Joyce and Terry Hemler worked side by side 24 hours a day for 10 years.
Together they ran Hemler Animal Control Services out of their home in Glenville.
Then Terry Hemler died on Nov. 15, 2011. He and Joyce Hemler had been together 21 years.
Terry Hemler started the animal control business in 1987, and Joyce Hemler joined him in early 2000.
Now Joyce Hemler said she plans to close Hemler Animal Control Service, effective Dec. 31, the last day of the year-long contracts the service has with 37 municipalities it serves around York County.
The municipalities received the service's closure notification in the July billing statements, she said.
"I'm going to quit," she said. "Without my husband, I can't take it. I don't need to do the middle-of-the-night stuff. I used to be a very, very patient person. I lost my patience and I'd rather quit now before I lose patience with the public."
Joyce Hemler said she also considered her age in her closure decision.
"I just turned 60 years old," she said. "I don't need to wrestle around with a pit bull or (Rottweiler). I don't need to be out there at 3 o'clock in the morning because someone found a dog."
The service: Hemler Animal Control Service helps reunite stray animals with their owners. The service has also removed skunks and other varmints living under porches and sheds, and handled all types of animal complaints around the county.
"We try to get animals back to their owners, instead of loading up the shelters," Joyce Hemler said. "We have a pretty good record of getting dogs back to their owners."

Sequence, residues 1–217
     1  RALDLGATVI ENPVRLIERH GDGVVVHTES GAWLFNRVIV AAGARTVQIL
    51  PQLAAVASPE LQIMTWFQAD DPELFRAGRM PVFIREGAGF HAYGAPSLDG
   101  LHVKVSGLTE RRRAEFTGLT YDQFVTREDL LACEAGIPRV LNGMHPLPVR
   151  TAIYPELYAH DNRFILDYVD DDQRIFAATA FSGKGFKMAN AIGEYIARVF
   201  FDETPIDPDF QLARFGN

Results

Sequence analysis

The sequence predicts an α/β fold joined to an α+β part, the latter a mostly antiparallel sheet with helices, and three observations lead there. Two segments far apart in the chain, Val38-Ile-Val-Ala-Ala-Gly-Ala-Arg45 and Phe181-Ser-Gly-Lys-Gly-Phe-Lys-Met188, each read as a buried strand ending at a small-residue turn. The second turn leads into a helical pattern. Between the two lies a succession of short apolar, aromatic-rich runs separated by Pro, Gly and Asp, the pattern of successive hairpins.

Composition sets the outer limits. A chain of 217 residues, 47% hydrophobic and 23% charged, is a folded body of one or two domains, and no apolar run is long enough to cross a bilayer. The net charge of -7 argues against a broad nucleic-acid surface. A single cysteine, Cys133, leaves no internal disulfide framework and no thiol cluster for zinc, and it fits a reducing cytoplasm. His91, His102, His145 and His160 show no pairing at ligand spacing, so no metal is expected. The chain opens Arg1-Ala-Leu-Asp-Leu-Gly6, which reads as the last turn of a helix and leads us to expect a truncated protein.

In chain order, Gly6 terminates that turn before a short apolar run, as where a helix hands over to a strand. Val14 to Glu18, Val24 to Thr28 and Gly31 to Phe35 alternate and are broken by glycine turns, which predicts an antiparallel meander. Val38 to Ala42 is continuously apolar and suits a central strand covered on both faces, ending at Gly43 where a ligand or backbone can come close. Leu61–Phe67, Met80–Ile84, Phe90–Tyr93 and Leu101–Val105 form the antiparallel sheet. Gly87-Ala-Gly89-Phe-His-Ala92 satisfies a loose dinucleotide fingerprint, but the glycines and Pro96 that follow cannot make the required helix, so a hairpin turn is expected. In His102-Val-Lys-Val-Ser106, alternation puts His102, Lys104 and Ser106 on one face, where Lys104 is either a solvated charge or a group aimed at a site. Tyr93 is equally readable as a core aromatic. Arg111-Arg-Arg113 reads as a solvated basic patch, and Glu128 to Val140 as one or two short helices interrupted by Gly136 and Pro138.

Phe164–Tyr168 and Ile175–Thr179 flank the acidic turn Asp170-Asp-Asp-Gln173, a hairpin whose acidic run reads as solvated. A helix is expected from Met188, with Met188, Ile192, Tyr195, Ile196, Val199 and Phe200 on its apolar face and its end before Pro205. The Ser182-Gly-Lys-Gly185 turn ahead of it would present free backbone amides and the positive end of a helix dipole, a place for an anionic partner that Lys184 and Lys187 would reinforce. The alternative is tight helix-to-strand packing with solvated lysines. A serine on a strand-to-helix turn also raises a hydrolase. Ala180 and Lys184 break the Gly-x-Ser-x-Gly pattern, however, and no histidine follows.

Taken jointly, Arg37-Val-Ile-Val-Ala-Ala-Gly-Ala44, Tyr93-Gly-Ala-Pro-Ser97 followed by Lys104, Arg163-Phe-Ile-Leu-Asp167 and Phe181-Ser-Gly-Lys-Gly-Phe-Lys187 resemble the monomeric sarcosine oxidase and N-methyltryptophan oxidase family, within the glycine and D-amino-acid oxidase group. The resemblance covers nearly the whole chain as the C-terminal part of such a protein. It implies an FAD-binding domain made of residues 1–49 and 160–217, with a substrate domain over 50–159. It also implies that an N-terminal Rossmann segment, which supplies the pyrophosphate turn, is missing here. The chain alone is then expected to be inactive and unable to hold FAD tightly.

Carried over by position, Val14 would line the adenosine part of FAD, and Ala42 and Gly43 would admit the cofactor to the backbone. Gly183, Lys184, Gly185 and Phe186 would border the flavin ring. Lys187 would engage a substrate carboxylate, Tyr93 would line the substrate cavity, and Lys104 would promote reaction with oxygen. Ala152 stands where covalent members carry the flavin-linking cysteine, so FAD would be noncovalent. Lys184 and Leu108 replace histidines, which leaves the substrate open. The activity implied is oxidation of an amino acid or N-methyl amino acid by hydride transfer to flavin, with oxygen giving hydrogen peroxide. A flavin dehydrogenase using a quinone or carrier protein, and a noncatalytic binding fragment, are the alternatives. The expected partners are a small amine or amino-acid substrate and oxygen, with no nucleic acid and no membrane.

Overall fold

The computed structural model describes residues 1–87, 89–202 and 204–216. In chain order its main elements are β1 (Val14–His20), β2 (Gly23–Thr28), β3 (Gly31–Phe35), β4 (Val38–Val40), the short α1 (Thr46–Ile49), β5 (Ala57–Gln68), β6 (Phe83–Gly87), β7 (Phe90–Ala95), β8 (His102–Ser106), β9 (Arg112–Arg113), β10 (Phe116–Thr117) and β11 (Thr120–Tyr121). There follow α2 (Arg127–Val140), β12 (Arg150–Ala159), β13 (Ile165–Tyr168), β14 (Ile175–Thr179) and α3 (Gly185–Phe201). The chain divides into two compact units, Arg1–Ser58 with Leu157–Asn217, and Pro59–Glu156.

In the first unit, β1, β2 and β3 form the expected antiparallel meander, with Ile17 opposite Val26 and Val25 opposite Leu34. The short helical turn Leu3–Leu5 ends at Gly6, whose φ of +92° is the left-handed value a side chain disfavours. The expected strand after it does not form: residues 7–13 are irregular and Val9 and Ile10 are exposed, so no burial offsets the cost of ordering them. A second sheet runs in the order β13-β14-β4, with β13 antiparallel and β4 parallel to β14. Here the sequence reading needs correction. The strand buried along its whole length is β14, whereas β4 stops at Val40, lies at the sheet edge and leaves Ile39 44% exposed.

Joyce Hemler said she met at least two people who do animal control work and are interested in serving municipalities. If they are able
to set up service contracts with municipalities, she will help them short-term as they begin work in those areas.
"It has always been our goal to save our municipalities as much money as possible," she said. "I hope whoever offers (animal control) services next would do the same."
The Hemler home has a 20-by-40-foot garage with built-in kennels. However, Joyce Hemler said there are no plans to operate a boarding kennel. She said she plans to spend more time with family, meet new people and do some type of part-time work.
Joyce Hemler also said that deciding to close her animal control business is a relief to her, as she has experienced other losses since her husband's death.
"I lost my grandma, lost my dog, lost a sister to cancer," she said. "I'm going to take it easy, and I'm going to enjoy life."